Certiorari lies to review judicial functions only. Damrell v. Board of Supervisors, 40 Cal. 154; People v. Bush, 40 Cal. 344; Spring Valley W. W. v. Bryant, 52 Cal. 132; Cochran v. Board of Education, 54 Cal. 375; Townsend v. Copeland, 56 Cal. 612; Meyers v. Hamilton, 60 Cal. 289.

Unless circumstances of an extraordinary character be shown to have intervened, the remedy through a writ of certiorari should be held to be barred by the lapse of one year. Keys v. Board of Supervisors, 42 Cal. 252.

In the matter of the approval of the bonds of officers, boards of supervisors exercise judicial functions, and they have no jurisdiction to reject an official bond, except for the reasons that it is not in form and substance in compliance with the requireinents of the statute, or is not executed by sufficient and responsible sureties; and the Supreme Court will review on certiorari and annul an order of a board rejecting a bond for any other than one or more of said reasons. Miller v. Board of Supervisors, 25 Cal. 94.

Boards of supervisors of the several counties through which run railroads operated in more than one county have no jurisdiction

to raise or lower the assessments placed upon the property of such roads by the state board of equalization. People v. Board of Supervisors, 59 Cal. 321.

The board of supervisors have no jurisdiction or power to reduce any assessment except upon verified written application. Garretson v. Board of Supervisors, 61 Cal. 54.

GENERAL NOTES. The following miscellaneous cases further elucidate the general powers and duties of officers charged with the administration of county business.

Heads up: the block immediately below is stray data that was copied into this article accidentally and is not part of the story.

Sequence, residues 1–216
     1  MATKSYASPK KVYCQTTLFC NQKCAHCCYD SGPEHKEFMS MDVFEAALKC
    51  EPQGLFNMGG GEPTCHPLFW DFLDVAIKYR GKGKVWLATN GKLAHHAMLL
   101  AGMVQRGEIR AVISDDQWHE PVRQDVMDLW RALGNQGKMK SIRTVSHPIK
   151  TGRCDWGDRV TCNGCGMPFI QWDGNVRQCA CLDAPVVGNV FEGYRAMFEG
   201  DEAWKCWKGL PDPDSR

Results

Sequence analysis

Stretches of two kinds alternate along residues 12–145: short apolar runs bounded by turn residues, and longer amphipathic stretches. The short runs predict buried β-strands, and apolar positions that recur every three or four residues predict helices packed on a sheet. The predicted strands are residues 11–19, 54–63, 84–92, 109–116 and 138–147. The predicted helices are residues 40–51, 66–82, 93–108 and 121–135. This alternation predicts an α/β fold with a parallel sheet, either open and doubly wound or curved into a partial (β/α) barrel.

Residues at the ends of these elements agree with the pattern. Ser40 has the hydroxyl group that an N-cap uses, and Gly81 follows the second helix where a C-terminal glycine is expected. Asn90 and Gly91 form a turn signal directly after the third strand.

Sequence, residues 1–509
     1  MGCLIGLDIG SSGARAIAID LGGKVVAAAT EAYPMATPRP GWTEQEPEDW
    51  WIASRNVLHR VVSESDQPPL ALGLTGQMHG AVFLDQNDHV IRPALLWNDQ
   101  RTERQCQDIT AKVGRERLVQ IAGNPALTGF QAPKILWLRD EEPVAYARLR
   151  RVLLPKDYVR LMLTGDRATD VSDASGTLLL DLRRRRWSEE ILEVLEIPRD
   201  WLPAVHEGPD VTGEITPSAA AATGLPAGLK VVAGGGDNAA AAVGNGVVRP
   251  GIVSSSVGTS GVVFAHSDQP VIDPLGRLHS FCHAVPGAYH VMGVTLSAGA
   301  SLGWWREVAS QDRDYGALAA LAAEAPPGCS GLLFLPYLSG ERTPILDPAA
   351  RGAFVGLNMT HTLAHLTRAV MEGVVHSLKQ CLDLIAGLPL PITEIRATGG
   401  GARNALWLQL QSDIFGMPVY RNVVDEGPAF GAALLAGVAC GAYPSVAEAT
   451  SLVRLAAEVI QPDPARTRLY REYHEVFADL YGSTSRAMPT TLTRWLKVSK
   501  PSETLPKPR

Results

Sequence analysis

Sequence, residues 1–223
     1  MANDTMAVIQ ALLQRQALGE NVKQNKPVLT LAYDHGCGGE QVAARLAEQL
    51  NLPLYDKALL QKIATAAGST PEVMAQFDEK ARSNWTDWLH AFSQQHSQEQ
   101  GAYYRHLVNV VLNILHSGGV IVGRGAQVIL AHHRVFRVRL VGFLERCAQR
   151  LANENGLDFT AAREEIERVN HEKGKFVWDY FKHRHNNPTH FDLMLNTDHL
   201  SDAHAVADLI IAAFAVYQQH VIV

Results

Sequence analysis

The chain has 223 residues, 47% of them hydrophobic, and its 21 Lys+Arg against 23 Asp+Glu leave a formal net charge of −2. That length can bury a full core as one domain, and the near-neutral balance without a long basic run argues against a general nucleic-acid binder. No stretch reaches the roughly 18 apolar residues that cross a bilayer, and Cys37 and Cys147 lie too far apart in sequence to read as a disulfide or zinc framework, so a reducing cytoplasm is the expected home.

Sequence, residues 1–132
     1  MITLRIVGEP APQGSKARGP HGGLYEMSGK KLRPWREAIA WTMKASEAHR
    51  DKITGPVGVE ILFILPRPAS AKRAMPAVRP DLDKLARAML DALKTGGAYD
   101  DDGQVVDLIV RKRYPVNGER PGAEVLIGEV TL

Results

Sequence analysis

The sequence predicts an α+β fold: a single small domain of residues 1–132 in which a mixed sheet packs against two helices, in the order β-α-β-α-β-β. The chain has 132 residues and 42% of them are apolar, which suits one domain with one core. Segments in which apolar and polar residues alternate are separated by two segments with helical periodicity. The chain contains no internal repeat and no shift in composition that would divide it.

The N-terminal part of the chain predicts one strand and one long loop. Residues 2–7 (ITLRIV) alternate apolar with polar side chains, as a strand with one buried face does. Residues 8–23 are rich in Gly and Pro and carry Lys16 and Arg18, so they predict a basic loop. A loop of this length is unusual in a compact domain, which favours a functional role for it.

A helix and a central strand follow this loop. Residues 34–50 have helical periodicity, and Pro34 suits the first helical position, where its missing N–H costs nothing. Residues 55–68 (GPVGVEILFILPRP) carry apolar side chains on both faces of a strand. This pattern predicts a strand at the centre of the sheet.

The board of supervisors have no power to issue the necessary certificate to exercise municipal franchise, where the petition for the incorporation of a municipality [municipal incorporation act, Stats. 1883, p. 93] is not signed by the requisite number of qualified persons, and a favorable vote of the people will not cure the defect of the petition. Page v. Board of Supervisors, 85 Cal. 51.

The constitution allows the classification of counties according to population for the purpose of regulating the compensation of county officers in proportion to their duties. But such classification having been made does not relieve a law relating to other and distinct matters from the objection that it is local and special if, by its terms it is limited in its application or operation to one or more classes of counties less than the whole.

The primary election law of 1895, [Stats.